The treatment complications were recorded. After bony union, patients underwent further follow-up for 9 months. A check X-ray was done (Figure 4). The residual deformity and the subjective evaluation were recorded in the same way as the original scoring system.

Figure 4: AP and lateral X-ray after K-wire removal.

Radiological evaluation

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measurement through Posterio-anterior and lateral radiographs. PA view provides information about RI (Radial Inclination) and RH (Radial height). RI is a measurement of the radial angle. A line is drawn along the articular surface of the radius perpendicular to the long axis of the radius, and a tangent is drawn from the radial styloid. The normal angle is 15-25º. RH is a measurement between 2 parallel lines that are perpendicular to the long axis of the radius. One line is drawn on the articular surface of the radius, and the other is drawn at the tip of the radial styloid. The normal radial height is 9.9-17.3 mm.8 In the Lateral view, the VT

(Volar Tilt) of the distal radius articular surface is measured. A line perpendicular to the long axis of the radius is drawn, and a tangent line is drawn along the slope of the dorsal-to-volar surface of the radius. The normal angle is 10-25º.8 These measurements were taken

pre operatively and at 9 months follow up. At the end of the study all the data was compiled and analyzed statistically by a one-way measure ANOVA test. p-value less than 0.05 was considered to be statistically significant.

Figure 5: Dorsiflexion and palmar flexion at 12 weeks follow-up.

Figure 6: Pronation and spination at 12 weeks follow-up.

Functional evaluation

Patients were evaluated by using Modified Mayo Wrist Score (Table 1). It is a physician-rating scoring system which gives us a total score of a 100; 25 for the assessment of pain, 25 for the active extension/flexion arc

of the wrist, (Figure 5, 6) 25 for grip strength, and 25 for the ability to return to regular activities. The pain is rated according to patient’s description.

Table 1: Mayo Score.

Category Findings Score

Pain (25 points)

No pain 25

Mild occasional 20 Moderate 15

Severe 0

Work status (25 points)

Regular job 25 Restricted job 20 Able to work but

unemployed 15 Unable to work due to pain 0

Range of motion (25 points)

>120̊ 25 100̊ to 119̊ 20 90̊ to 99̊ 15 60̊ to 89̊ 10 30̊ to 59̊ 5

0̊ to 29̊ 0

Grip strength (% of normal) (25 points)

90 to 100 25

75 to 89 15

50 to 74 10

25 to 49 5

0 to 24 0

RESULTS

A total of 40 patients underwent this procedure comprising of 16 males and 24 females. The mean age and Standard Deviation (SD) at the time of the injury was 59.35±13.40years (range from 27 to 84 years). Twenty four fractures involved left side while sixteen fractures occurred on the right. Mode of injury was road traffic accident and fall in majority of the cases.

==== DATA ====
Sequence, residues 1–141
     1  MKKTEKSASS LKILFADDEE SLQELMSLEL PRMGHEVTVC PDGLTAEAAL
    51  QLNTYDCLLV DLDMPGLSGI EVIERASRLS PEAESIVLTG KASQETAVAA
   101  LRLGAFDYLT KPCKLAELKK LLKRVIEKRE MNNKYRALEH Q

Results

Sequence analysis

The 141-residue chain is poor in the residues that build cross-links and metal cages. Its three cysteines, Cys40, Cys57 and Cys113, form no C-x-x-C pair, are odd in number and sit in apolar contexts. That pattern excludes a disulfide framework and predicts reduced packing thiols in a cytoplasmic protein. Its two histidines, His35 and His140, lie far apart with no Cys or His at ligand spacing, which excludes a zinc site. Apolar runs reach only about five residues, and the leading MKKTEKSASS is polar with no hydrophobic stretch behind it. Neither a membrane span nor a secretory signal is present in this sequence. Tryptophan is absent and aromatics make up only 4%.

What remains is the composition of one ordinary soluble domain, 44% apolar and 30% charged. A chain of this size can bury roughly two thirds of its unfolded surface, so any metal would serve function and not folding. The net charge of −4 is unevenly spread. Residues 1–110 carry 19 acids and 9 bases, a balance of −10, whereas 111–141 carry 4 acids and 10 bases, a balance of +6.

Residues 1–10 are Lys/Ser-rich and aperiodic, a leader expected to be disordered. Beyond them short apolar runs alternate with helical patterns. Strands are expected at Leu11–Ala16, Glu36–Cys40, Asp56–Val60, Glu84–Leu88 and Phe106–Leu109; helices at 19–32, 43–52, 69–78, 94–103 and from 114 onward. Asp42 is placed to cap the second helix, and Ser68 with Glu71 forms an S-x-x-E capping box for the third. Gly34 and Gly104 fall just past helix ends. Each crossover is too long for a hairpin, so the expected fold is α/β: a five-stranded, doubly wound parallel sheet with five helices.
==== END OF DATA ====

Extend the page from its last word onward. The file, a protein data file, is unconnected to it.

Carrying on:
According to AO classification, most of the cases were of C (n = 16) 40.0% and A (n = 15) 37.5% type probably because of increased incidence of high velocity injuries. (Table 2).

Table 2: Types of fracture.

Radiological type (AO) Frequency Percent

A2 5 12.5%

A3 10 25.0%

B1 3 7.5%

B2 6 15%

C1 10 25.0%

C2 6 15.0%

Total 40 100.0%

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Table 3: Radiological evaluations of RH, RI and VT.

K-wiring group

Radial inclination 21.1±4.56° Radial height 10.67±2.97 mm Volar tilt 9.42±3.19°

Table 4: Values on the basis of type of fracture.

Type of fracture

No. of cases

Radial inclination

Radial height

Volar tilt

Type A 15 20.3mm 11.3mm 9.1° Type B 9 21.9mm 10.9mm 9.0° Type C 16 21.4mm 9.9mm 9.9°

Authors had 15 type A, 9 type B and 16 type C fractures and obtained almost similar results in all three types. (Table 4).

According to Mayo score 72.5% (n=29) of our patients had excellent to good outcome while as 17.5% (n=7) had fair outcome and 10% (n=4) patients had poor outcome. (Table 5).

Table 5: Mayo score following k-wire fixation.

Result Frequency Percentage

Excellent 9 22.5%

Good 20 50.0%

Fair 7 17.5%

Poor 4 10.0%

Total 40 100.0%

Complications

Six of our patients sufferd from stiffness who were send for subsequent physiotherapy. Five patients had pin site infection which needed regular dressing and antibiotics (Table 6).

Table 6: Complications seen during k-wire fixation.

Complications Frequency Percentage

Nil 29 72.5%

Stiffness 6 15.0%

Pin site infection 5 12.5%

Total 40 100.0%

DISCUSSION

Fractures of the distal radius are one of the most common fractures encountered in the emergency department. Most of the fractures are caused by a fall on the outstretched hand with the wrist in dorsiflexion. These fractures can cause significant distress to the patient and lead to disability if not managed adequately and in time. The management of fractures of distal radius has always been a debatable and challenging issue for orthopaedic

surgeons. The ultimate goal is to restore grip strength and motion and allow quick return of function and to minimize the risk for future degenerative changes in the wrist joint.

Closed reduction followed by fixation of the fracture with percutaneous pins and cast, is a widely used method. The pins may be inserted by a variety of methods; across fracture fixation or with the intrafocal Kapandji technique.9,10 Percutaneous pinning is best suited for